Coaching & Leadership Development
The 3 Mistakes that Headteachers make when Dealing with Stress

The 3 Mistakes that Headteachers make when Dealing with Stress

  Being a head teacher is by far one of the most stressful roles that an individual can have. The burden of having to meet the needs of so many, means that often the demands that are made upon you, would seem to suggest that you have to adopt the qualities of a super hero. As well as Herculean amounts of inner strength to survive the challenges of a ‘normal’ day [if there is such a thing!] , let alone a week, a term or a year.  Left unquestioned, this approach and attitude to the role can only lead to increased amounts of stress and ultimately burn out. If you want to avoid the ‘crash and burn’ syndrome then read these three mistakes that head teaches make when dealing with stress and how to avoid them.   Mistake # 1: Believing that you are a super hero!   You are not! You are ‘only human’. You are allowed to feel emotions the same as everyone else. You are allowed to feel tired and exhausted, just like everyone else. You are allowed to feel confused and anxious at times just like everyone else! The problem is too many head teachers feel that because of the status afforded to them by their position they now cannot admit these feelings to themselves. A mistake … why? Because when you stop connecting with what you are really feeling and experiencing on a day- to- day basis, you lose your ability to really know and understand yourself. In times of challenge and stress, this can lead to flawed decision making, as you have unwittingly...
Why Every School Leader Needs to Be Listened to!

Why Every School Leader Needs to Be Listened to!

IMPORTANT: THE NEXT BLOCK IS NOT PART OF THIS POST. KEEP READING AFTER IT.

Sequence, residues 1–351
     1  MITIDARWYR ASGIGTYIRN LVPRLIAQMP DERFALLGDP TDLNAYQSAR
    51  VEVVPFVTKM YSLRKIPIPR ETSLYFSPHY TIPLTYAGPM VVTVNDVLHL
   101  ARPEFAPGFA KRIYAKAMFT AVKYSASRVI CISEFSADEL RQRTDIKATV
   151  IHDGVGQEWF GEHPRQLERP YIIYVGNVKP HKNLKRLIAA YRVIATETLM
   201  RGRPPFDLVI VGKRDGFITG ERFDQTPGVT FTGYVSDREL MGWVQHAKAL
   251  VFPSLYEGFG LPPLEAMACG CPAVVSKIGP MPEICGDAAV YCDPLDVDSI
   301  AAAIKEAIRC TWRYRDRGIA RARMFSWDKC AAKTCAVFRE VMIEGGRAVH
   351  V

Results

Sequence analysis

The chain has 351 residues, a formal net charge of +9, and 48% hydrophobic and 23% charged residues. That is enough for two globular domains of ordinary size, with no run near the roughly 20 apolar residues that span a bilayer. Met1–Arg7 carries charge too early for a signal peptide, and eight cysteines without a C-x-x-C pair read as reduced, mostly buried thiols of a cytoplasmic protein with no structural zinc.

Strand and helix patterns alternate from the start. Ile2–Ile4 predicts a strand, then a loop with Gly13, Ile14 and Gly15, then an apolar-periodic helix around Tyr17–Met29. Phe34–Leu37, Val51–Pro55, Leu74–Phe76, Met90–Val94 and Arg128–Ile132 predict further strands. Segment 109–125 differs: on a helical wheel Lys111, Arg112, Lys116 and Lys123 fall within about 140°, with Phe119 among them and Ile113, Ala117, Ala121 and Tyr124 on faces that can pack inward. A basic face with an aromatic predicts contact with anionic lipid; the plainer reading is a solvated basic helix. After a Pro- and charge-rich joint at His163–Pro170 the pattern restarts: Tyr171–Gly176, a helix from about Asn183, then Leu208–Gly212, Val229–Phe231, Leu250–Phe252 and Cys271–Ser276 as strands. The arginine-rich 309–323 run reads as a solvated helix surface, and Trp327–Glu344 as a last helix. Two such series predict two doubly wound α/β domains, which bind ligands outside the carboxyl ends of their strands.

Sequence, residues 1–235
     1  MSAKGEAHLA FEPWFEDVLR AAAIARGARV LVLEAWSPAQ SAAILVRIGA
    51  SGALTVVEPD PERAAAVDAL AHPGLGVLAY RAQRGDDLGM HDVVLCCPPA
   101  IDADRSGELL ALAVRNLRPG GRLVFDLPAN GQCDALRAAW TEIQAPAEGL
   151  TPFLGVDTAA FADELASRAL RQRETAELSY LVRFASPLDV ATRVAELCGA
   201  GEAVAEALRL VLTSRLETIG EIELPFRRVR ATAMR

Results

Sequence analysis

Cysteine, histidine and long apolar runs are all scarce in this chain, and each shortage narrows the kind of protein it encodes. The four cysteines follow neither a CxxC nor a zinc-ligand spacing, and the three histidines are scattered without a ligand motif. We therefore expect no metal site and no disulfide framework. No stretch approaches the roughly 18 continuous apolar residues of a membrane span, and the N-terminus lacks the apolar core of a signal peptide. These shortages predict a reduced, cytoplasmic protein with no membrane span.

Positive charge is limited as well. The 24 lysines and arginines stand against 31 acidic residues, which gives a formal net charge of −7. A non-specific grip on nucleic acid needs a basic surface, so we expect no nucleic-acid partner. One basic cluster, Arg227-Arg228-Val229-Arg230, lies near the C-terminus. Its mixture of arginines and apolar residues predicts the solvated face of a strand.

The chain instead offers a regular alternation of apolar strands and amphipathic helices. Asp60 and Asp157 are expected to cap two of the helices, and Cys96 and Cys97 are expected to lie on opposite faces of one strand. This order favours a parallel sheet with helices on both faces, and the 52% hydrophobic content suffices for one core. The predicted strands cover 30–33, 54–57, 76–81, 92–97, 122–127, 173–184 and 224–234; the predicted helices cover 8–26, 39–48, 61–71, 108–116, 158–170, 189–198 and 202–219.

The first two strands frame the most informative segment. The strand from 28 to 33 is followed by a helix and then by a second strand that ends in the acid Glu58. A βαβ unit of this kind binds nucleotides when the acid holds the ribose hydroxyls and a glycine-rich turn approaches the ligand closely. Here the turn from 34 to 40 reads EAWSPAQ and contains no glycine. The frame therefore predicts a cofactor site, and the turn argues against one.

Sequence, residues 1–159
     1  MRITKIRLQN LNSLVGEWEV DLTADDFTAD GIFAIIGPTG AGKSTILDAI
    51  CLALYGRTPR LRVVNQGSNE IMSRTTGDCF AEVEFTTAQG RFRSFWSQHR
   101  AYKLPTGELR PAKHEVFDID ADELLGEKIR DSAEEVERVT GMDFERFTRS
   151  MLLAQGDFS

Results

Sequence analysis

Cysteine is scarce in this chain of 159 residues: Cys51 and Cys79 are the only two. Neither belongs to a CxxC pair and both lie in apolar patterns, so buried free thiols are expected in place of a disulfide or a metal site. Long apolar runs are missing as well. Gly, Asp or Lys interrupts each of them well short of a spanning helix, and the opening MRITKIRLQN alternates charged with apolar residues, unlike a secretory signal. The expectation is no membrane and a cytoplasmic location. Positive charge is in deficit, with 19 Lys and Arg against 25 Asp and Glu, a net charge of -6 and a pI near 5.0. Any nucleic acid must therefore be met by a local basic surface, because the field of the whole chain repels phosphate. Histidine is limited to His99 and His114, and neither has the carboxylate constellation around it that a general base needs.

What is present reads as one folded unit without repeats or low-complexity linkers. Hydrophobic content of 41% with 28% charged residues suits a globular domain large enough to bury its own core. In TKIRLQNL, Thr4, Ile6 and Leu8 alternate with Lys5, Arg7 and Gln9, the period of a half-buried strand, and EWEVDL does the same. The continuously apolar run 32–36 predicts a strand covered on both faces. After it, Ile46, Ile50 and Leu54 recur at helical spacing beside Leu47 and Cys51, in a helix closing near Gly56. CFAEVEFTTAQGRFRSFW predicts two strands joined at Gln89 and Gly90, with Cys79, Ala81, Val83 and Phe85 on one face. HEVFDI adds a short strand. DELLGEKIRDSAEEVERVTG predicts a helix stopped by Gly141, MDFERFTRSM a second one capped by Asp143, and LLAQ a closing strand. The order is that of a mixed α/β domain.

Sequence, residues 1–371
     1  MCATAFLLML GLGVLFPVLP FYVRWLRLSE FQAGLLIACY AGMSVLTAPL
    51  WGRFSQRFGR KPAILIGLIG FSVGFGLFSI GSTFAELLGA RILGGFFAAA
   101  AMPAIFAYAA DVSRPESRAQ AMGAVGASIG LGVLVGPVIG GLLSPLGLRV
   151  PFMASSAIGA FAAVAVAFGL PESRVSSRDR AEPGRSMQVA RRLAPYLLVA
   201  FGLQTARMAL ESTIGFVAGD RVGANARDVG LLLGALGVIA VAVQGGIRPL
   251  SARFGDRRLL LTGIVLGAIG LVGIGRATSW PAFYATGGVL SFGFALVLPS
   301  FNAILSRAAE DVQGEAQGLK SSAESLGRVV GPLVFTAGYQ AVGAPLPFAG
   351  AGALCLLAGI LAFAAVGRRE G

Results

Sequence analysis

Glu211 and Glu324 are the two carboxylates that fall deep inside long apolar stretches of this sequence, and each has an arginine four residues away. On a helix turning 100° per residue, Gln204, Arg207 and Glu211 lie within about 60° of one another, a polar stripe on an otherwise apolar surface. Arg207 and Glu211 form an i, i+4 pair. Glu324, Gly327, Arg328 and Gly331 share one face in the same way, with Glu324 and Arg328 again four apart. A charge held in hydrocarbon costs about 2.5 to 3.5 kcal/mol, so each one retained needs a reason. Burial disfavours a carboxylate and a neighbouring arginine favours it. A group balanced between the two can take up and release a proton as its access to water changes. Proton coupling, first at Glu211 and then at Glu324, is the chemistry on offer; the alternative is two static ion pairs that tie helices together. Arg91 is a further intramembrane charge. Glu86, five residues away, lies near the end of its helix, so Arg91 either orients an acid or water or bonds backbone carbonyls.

I believe that every head teacher should have someone who regularly listens to them and has no other agenda than the maintenance of their well being and the fulfilment of their personal vision.   However, in my experience – there’s often a considerable imbalance in the life of a School Leader. To explain what I mean, I’d encourage you just to reflect on these two things:   A] How many times during a day/week you listen to others, and; B] How many times during a day/week someone ‘truly’ listens to you   If your answer to B outweighs your response to A, then you’re likely to be a more ‘healthy’ position and not experiencing too much the sense of isolation that your role often brings. However, as is the case with most head teachers, I am hazarding a guess, that it’s the other way around and that you listen more to others, than actually having someone truly listening to you.   This is not a good position to be in; without a trusted professional with whom you can confide, you are likely to experience an ever increasing sense of loneliness and isolation.   Discovering your own truth   Every head teacher needs to be l truly listened to! Why? Because as a client recently said to me,“When you are truly listened to ‘you are helped to discover your own truth’ and this alone can have a transformative impact on the type of leader that you are.   When you are listened to in such as a way, you know that you can truly be yourself and speak about what is both on...